We had to cut the show down to 90 minutes so that it could go out on TV and that meant taking out a few things while still maintaining the story and making sure we weren’t missing key plot points. Chris Urch, the writer, advised on that and helped with selecting those points that can be edited down a little and the guys at Riverside Studios did a really fantastic job of maintaining the story and the quality of the performances. Having seen it, the story is still incredibly clear.

It feels absolutely amazing to have Land of Our Fathers on the silver screen and being broadcast by BBC Arts online. Land of Our Fathers was the very first play I professionally independently produced and for it to have had this incredible journey is beyond all expectations. When we received our five star reviews, award nominations and sold out at Theatre503 I thought “It can't get better than this!”. It then transferred to the West End, went on national tour for 14 weeks including a return to London at the city’s hottest pop-up theatre Found111 and has now been screened across venues in Wales and is now on the BBC - it’s utterly mad, but brilliant and a testament to the hard work of so many people along the way.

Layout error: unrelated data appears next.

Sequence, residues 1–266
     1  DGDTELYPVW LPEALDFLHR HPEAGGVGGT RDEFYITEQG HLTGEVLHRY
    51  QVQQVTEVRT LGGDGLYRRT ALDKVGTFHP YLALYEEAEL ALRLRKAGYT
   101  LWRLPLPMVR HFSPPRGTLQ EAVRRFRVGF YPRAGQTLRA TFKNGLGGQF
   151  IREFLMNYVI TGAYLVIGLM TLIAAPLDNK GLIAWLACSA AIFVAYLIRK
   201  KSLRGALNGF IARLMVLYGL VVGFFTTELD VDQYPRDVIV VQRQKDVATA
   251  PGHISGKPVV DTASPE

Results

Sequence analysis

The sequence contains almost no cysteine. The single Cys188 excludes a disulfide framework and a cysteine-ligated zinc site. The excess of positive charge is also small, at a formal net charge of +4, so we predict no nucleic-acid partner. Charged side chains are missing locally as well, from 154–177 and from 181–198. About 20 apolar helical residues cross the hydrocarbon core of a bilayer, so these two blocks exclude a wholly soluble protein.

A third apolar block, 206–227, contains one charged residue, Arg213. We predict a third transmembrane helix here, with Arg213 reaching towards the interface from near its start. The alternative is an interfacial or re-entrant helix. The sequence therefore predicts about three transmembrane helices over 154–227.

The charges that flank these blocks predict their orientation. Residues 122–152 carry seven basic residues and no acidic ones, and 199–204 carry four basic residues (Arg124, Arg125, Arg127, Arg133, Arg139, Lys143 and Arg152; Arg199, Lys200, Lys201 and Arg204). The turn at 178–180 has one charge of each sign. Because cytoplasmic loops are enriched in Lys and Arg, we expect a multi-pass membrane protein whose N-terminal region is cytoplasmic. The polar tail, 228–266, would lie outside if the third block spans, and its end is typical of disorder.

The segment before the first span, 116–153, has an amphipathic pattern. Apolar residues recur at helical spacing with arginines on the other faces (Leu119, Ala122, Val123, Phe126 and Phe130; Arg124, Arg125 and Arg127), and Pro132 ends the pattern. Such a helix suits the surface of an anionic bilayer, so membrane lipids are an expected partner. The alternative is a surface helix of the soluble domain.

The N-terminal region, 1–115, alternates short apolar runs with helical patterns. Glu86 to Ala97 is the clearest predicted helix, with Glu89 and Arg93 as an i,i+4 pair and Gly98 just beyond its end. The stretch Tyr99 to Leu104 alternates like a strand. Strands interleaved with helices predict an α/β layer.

Janie Valentine, Film Producer at Riverside Studios

Ross McGibbon directed the live capture.   Ross is a hugely experienced director who has worked with the Royal Opera House, NT live, BBC, Sky Arts and Channel 4 and specializes in live capture of theatre, ballet and opera.